Have you always dreamed of being the one that makes all the decisions – the one that calls all the shots? Are you tired of working for someone else? Before you take the plunge and jump into the deep end of the pool have you done the market research – put a business plan together – and really thought it through? Have you thought about the impact it will have on your family and your personal life?
Before you quit your job and strike out on your own you might be interested in my answers to a series of questions I was asked by a former business student of mine. I hope my answers provide you with some valuable insight into what it takes to be successful.
What made you decide to get into business for yourself? Timing – it really boiled down to timing. I knew I wanted to make a career change. I was beginning to feel stuck and unfulfilled. For me – it’s never been about how much money I made. Now don’t get me wrong – money is important – but if it’s your only reason for getting into business for yourself – then you’re going to be disappointed – especially in your first few years. Make sure you have enough money saved up to pay your bills, put food on the table and keep a roof over your head for at least a year.
What are some of the challenges you faced in starting your own small business? I faced – and continue to face some of the same challenges everyone entrepreneur faces. Self-employed persons don’t have the luxury of a steady pay-cheque coming in. That puts a great deal of strain on your personal and family life. Everyone must give up something to get something. You need to decide what you and your family are willing to give up so that you can live your dream. Everybody needs to be on board. You need to be committed to doing whatever you need to do to be successful. If you and or your family aren’t willing to pay that price – then it’s best you stay where you are.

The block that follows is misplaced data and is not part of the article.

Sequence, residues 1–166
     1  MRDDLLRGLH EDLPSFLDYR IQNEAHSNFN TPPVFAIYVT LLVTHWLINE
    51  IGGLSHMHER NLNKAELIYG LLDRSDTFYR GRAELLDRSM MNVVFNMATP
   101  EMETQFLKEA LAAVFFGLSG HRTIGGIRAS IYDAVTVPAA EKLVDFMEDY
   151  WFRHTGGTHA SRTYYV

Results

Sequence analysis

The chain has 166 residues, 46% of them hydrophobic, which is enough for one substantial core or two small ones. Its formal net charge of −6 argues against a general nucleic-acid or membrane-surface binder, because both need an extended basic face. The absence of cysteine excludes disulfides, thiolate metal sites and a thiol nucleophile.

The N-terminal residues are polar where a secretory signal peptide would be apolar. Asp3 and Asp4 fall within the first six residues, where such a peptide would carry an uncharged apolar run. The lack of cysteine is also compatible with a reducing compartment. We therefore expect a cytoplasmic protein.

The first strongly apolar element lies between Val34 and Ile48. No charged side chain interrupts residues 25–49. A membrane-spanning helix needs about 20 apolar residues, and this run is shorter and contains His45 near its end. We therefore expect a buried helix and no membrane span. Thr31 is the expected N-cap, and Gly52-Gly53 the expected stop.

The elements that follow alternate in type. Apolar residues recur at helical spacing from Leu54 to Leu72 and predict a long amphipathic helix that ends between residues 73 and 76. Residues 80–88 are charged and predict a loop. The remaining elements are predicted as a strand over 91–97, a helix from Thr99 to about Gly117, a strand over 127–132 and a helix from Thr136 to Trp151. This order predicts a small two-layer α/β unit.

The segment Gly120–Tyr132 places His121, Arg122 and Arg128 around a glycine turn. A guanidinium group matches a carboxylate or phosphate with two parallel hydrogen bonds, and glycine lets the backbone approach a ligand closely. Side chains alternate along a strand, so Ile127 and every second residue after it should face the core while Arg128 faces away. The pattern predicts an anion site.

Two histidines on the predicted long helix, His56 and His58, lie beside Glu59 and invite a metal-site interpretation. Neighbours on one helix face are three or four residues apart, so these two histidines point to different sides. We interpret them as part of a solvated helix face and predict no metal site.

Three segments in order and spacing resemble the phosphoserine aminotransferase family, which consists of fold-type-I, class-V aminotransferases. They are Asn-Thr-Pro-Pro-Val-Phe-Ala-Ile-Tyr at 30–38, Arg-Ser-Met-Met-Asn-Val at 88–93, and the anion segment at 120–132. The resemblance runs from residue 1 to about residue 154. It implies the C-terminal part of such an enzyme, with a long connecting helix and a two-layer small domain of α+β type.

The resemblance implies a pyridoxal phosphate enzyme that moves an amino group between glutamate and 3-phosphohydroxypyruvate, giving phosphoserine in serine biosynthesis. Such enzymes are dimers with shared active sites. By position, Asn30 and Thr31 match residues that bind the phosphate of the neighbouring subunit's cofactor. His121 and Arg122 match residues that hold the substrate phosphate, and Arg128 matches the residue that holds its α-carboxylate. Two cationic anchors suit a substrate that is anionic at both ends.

Any lessons learned that you can pass on to anyone wanting to start their own business? You need to be really passionate about what you are doing. You need to be prepared to work 80 hours a week for very little money. Have a budget and stick to it. Don’t spend money you haven’t generated yet. Find your niche Become an expert in something not a generalist in everything. What do you know or what product are you selling that someone else will pay you money to learn or have?
Food for thought: The two major reasons businesses fail are (1) Lack of management skills – and (2) Lack of financing. Most businesses fail within the first three years of start-up. (When I say most I mean over 90% fail) We have a tendency to overestimate revenue so divide your sales projections by half and run it by those numbers. You need to live and die by the numbers. Make business decisions – keep your emotions out of it. Always think worst-case scenario. That will help keep you grounded.
If I haven’t talked you out of getting into business for yourself after reading this article – then maybe – just maybe you have what it takes. Maybe you’ll make it to year five. I’ve been self-employed since 1998 and I’m still having fun. I wish you all the best.
Copyright (c) 2019. Brian Smith. Not to be reproduced without permission. To find out more about Brian and what he can do for you visit: https://briansmithpld.com